Messerschmitt Bf 109Z: The Teutonic Twin-Boom Terror
In short: The most unusual model in the line of the 109 "Messers" - fighter which is composed of two fuselages. Premium status, good vertical maneuver, excellent weapons and speed… well just a pearl in the collection!
- Bf 109Z "Zwilling" heavy fighter (Rank 4 Germany) - available after 1.79 update;
- Premium account for 15 days;
- 1000 Golden Eagles;
The Bf 109Z is a prototype heavy fighter version of the well-known Bf 109, developed as a stop-gap measure to address the Luftwaffe’s urgent demand for a new yet inexpensive and easily mass-produced alternative to the rapidly aging Bf 110. Although the project never surpassed prototype stage, War Thunder pilots themselves will have the chance to test out the concept’s effectiveness with the upcoming update 1.79!
With the start of allied bombing campaigns against German strategic targets in 1942, the Luftwaffe was forced to go onto the defensive for the first time in the war. This sudden turn of events sparked an urgent demand for new heavy fighter and interceptor designs that would counter the ever increasing onslaught of allied bombers and their respective escorts. Although the Messerschmitt company was already working on such a new aircraft that would replace the dated Bf 110 - the Me 210 - several problems during development delayed the project’s completion. As a result, new versions of the Bf 110 had to be developed to counter the new threat. However, the RLM (German Air Ministry) wasn’t content with the creation of even more modifications of the aircraft as they planned to decrease the amount of different variants for all aircraft in service at the time in hopes of addressing logistical problems that strained production. Inspired by the previous He-111 “Zwilling” project, Messerschmitt engineers began work on a similar alternative heavy fighter based on the Bf 109, that could easily be mass produced and offer better performance (in reference speed) than the Bf 110 already in service, whilst at the same time being cheaper to manufacture than newly designed machines.
By taking two standard Bf 109Fs from the assembly line and “welding” them together, Messerschmitt engineers created what would become known as the Bf 109Z-0 - the first prototype of the “zwilling” Bf 109. In 1943 however, a bombing raid of one of the Messerschmitt plants near Augsburg led to the destruction of the prototype, cancelling the planned tests. Despite this setback, the engineers kept working on the concept and less than a year later, in spring 1944, a new Z-1 prototype, based off the Bf 109G-6, was created. The second prototype differed from the first one, apart from being based on a later variant of the 109, in the abandoning of rifle-caliber guns in favor of interchangeable large caliber autocannons, a common trend for late-war German machines. In the end, the project was ultimately cancelled as resource shortages began afflicting the German industry in the final stages of the war and the concept of a twin Bf 109 fighter was abandoned for good.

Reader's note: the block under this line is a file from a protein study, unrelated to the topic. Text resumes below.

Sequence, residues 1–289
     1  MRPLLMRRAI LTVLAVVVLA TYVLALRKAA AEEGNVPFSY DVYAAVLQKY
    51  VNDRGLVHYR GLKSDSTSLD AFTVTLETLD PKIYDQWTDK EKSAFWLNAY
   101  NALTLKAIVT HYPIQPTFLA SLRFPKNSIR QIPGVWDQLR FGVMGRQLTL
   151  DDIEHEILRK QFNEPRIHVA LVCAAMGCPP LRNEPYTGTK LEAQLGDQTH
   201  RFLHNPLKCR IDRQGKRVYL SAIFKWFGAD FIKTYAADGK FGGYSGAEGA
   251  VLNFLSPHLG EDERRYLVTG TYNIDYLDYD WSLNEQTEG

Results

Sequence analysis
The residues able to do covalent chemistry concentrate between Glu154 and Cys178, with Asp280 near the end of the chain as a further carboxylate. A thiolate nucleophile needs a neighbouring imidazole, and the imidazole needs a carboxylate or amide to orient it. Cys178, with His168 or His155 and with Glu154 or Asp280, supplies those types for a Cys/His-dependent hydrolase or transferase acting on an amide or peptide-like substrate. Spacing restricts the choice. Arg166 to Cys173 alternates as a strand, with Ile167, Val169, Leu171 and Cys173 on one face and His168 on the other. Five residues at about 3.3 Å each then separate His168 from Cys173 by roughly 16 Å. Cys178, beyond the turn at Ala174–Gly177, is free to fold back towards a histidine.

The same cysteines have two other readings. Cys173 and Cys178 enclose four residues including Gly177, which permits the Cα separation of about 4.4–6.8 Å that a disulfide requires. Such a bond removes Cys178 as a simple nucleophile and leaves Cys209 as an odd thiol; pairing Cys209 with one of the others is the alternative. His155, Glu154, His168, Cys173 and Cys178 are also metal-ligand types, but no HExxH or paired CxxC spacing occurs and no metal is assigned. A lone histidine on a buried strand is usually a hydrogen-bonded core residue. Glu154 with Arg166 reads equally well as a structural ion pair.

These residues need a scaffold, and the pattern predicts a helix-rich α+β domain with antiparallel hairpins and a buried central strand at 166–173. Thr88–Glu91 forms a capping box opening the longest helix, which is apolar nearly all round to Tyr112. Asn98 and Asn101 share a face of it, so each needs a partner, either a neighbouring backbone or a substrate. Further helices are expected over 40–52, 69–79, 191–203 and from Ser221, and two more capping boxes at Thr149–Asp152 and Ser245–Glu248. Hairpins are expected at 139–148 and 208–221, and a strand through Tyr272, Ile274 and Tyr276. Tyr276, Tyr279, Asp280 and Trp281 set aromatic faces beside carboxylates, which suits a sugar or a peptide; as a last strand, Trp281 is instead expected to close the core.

In War Thunder, the Bf 109Z-1 will be a new German premium vehicle of the fourth rank, available soon for purchase to all players as part of a bundle in our online store. Pilots that have already flown some of the later modifications of the Bf 109s in the game may already be drawing some parallels between the Zwilling and the base models. However, don’t let the fact that you see two glued-together Bf 109s fool you into thinking that you’ll be flying the same machine, just doubled. It’s quite the opposite in fact. Although the Zwilling is based off two regular Bf 109 fighters, it flies very much like a heavy one in this configuration. Due to the overall larger size and weight of the machine, future pilots of this aircraft should come to expect worse handling characteristics. In particular, veteran 109 pilots may feel the negative effects of a decreased top speed, acceleration dynamics, climb rate and agility.
Interesting: The idea of a double-fuselage aircraft attracted aircraft designers from different nations. The Germans successfully used the twinned He 111 bomber and in the USSR there was a project to build aircraft from two “Airacobras”. The only true serial two-fuselage fighter was created in the USA - popular in our game, the “Twin Mustang”.
However, the maximum speed (which is 712 km/h at an altitude of 6,500m) along with the climb rate and maneuverability, remains quite decent for a vehicle of this class, and keep in mind that we are talking about heavy fighter. Being designed to counter formations of lumbering allied heavy bombers, the Bf 109Z received a more than generous armament loadout, making it perfectly suited for the job at hand. Four 30mm MK108 autocannons, are what one could perhaps argue to be a bit of an overkill, even for the toughest of bombers. However, MK108 cannons are known to fire projectiles at a relatively slow rate and low velocity, making them hard to use at long-distances or high speeds. Nonetheless, an experienced pilot that knows how to utilize this weapon to the greatest possible effect will rarely be disappointed by the sizes of holes he will leave in the enemy’s airframe and wings.
Check out one of the more unusual and lesser known versions of the Bf 109 in War Thunder with the upcoming update 1.79. Be sure to keep a close eye on the news section to never miss any information we publish in regards to the next major update coming to the game. Until then, we wish you a clear sky pilots!
The War Thunder Team